Part Two: Sugar, Friend or Foe?

By James Walker CCS, STM, BioSig, Master Trainer

Recently sugar has been under attack by some leading doctors like Dr. Robert Lustig, a California endocrinologist, considered a pioneer in the study of sugar, and Kimber Stanhope nutritional biologist at the University of California–Davis who thinks that sugar is as addictive and destructive as any powerful drug. This may explain why it’s so difficult to sever ties with it. Besides, as young kids growing up we loved visiting the local neighborhood store that had all sorts of goodies–candy, soda, cookies, cup cakes, cereal, bubble gum, pixie sticks, and all of the great chips and treats. Even Halloween was a green light to sugar over dose but back then we could run around and play until we burned most or all of it off.

It’s interesting that sugar replaced fat, after we were told for decades that fat was unhealthy and would cause heart disease, obesity, and many other health issues. As fat was removed from foods, sugar became the sneaky replacement. In spite of being supposedly better informed, we have become more fat, more diabetic, more heart diseased, more pharmaceutical dependent, more at risk, and more confused than ever.

The average American consumes 150 to 180 pounds of sugar annually. It’s not a surprise that America leads the world in obesity, at 31%, and being overweight, with 73% of the population. By the way, Korea has the lowest obesity rate at 3%. Don’t feel bad because the rest of the world is catching up, especially as we export more Coke, Pepsi, McDonalds, KFC, Pizza Hut, etc.

Let’s take a look at why sugar was a friend but over the past decades has become a foe.

What Is Sugar?

Sugar is a compound that comes from various plants, like sugar cane, sugar beet, fruit, syrup, molasses, corn, and it tastes sweet. After sugar is refined it is used as a crystal, powder, or liquid to sweeten. Sugar is a carbohydrate, just like a starch, fruit, vegetable, or bread, just sweeter. Carbohydrates are converted to sugar/glucose where it is transported and/or stored in the blood, tissue, and cells and used as energy or fuel. There are many types of sugar such as dextrose, fructose, glucose, galactose, and sucrose.

Sugar does have a purpose–to supply energy to the muscles and brain, and to be used by the liver as an emergency back up source to raise low blood sugar levels. So let me emphasize this again, sugar is an energy source for muscles and the brain but used as a emergency provider by the liver when blood sugar levels are low. If sugar can’t be used as fuel it is converted into a fatty acid or triglyceride or trans-fat and stored as fat in fat cells.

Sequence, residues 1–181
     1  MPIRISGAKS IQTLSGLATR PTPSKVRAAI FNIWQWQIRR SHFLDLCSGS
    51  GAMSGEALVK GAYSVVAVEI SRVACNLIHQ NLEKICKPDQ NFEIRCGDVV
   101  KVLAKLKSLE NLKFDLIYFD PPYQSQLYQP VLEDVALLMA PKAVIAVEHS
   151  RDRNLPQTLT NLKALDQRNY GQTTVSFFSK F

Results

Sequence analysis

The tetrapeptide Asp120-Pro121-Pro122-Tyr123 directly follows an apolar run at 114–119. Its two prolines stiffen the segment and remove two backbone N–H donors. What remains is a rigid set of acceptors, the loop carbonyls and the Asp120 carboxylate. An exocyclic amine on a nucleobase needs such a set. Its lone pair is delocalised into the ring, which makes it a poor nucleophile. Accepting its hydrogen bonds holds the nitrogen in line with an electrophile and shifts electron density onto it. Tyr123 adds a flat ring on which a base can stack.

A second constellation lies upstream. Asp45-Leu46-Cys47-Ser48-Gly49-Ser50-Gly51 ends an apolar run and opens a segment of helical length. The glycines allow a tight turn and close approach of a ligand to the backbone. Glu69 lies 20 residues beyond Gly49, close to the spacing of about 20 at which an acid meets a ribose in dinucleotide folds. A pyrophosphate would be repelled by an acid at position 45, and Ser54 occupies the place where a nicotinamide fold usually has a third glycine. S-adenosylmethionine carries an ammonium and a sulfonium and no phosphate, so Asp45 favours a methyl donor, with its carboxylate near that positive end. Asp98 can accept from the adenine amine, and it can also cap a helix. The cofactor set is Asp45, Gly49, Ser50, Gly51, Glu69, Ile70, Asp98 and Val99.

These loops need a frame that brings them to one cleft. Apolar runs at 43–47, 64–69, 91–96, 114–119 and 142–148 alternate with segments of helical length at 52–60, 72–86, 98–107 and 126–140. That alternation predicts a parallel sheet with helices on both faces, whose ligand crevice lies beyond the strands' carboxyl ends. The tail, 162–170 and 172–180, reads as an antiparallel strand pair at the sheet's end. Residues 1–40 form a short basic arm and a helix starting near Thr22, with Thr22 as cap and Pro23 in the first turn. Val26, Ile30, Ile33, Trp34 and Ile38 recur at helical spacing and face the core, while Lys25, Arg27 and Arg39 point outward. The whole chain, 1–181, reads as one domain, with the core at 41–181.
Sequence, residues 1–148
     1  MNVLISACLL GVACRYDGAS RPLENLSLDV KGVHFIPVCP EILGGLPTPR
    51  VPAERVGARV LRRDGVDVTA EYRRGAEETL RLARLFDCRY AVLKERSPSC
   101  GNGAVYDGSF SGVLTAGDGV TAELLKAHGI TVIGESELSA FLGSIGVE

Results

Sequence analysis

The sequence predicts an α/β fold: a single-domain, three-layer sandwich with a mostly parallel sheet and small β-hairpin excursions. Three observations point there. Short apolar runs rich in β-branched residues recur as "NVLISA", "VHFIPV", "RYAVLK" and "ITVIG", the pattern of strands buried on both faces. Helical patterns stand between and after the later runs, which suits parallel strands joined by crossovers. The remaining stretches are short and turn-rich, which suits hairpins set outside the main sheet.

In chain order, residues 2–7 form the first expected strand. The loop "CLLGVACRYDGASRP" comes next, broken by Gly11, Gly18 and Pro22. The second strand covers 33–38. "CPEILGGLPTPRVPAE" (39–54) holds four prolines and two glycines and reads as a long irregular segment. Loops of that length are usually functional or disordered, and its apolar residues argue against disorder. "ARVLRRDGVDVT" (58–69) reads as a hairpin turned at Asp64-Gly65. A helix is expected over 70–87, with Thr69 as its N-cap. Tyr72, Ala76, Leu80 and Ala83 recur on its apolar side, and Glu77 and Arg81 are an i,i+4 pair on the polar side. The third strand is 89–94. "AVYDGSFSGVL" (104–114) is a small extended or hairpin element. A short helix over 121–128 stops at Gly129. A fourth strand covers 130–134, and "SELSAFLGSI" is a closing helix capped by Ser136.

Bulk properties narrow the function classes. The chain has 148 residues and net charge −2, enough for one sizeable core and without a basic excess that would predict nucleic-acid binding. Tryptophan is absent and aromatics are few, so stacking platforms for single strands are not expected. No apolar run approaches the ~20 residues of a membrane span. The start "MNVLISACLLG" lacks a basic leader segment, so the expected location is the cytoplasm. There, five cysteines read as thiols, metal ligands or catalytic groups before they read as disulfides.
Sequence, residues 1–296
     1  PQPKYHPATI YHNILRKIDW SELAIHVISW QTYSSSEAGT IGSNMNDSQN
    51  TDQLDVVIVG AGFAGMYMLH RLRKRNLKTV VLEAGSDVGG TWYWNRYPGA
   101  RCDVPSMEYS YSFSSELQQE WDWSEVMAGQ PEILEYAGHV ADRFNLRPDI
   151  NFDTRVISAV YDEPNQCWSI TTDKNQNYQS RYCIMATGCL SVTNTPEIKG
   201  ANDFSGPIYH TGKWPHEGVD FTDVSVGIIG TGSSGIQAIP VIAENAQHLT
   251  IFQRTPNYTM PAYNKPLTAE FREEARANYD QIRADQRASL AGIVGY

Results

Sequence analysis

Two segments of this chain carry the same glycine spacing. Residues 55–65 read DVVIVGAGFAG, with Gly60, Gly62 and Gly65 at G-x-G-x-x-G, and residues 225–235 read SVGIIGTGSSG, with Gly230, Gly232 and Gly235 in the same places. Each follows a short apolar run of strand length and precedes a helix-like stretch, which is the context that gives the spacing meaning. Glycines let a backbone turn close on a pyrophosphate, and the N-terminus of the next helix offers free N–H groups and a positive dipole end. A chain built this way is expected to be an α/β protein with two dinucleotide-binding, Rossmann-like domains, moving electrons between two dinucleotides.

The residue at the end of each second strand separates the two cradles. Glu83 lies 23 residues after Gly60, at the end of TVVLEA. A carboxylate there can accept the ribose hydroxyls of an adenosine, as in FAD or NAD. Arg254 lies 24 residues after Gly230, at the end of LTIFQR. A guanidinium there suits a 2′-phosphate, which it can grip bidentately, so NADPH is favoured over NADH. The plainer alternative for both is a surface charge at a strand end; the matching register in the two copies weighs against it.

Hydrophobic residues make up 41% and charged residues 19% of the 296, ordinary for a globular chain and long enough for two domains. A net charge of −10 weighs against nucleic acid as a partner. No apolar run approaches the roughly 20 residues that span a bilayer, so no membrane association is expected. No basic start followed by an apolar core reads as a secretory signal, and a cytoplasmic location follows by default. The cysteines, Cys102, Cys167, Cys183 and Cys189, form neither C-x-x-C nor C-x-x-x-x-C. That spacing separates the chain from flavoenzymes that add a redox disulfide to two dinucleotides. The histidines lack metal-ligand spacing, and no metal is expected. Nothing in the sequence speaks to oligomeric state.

Sugar is good if you exercise or burn it off but extra sugar is bad if you are inactive and consume more than is necessary. Although, considering how inactive society has become over the past decades, unless you work out, you probably don’t need much sugar. Up to 80% of sugar is stored in muscles, so intense training or laborious work would help to utilize muscle glycogen.

Three things the liver does with sugar/glucose:

  1. Passes it thru and back into the bloodstream.
  2. Stores it, turn it into glycogen (store it in the liver, muscles, and brain).
  3. Uses it to make fatty acids or triglycerides.

Six Reasons Why Sugar Is Bad

First, excess sugar is sticky and will stick to protein molecules, making them too large so that they become ineffective. These large sugar-proteins, called glycated, are too big to pass through small blood vessels and capillaries that lead to essential organs, tissues, and body parts, especially the eyes, feet, brain, and kidneys. These new glycated-proteins can’t provide the nutrients or catalyst to help those body parts perform properly. Which in turn, they become toxic, fail, or shut down, leading to premature aging, blindness, nerve damage, dementia, or poor immune health.

Secondly and similarly, sticky sugar attaches to the LDL bad cholesterol, making them glycated LDL, thereby damaging and turning them into plaque. Plaque can and will stick to the artery walls to further damage, thicken, narrow, and restrict them.

Thirdly, sugar is a risk factor for cancer cells, since they thrive on glucose. Cancer cells use glucose to grow via glucose receptor cites attached to the cell. Harvard Medical School researchers linked possible high levels of galactose (a sugar byproduct of lactose) with ovarian cancer.

Fourthly, sugar depresses the immune system by making the blood very acidic thereby inhibiting white blood cell ability to work productively at destroying bad bacteria.

Fifthly, sugar has no nutrients, so it uses up certain mineral reserves to metabolize itself causing mineral imbalance and mineral depletion, like chromium, which is needed for insulin function, and magnesium that is essential for heart and muscle health.

Finally, sugar reduces good HDL cholesterol, which helps to combat bad LDL cholesterol, thereby increasing heart disease risk factors.

CBS’ 60 Minutes did a amazing segment on sugar back in April 1, 2012, with correspondent Dr. Sanjay Gupta, interviewing the aforementioned Dr. Robert Lustig, a California endocrinologist, considered a pioneer in the study of sugar, and Kimber Stanhope, a nutritional biologist at the University of California–Davis, and Harvard Researcher Lewis Kantly. Here is the link

Next Part Three, How Good Carbs, Proteins, Fats, & Exercise Promote Health.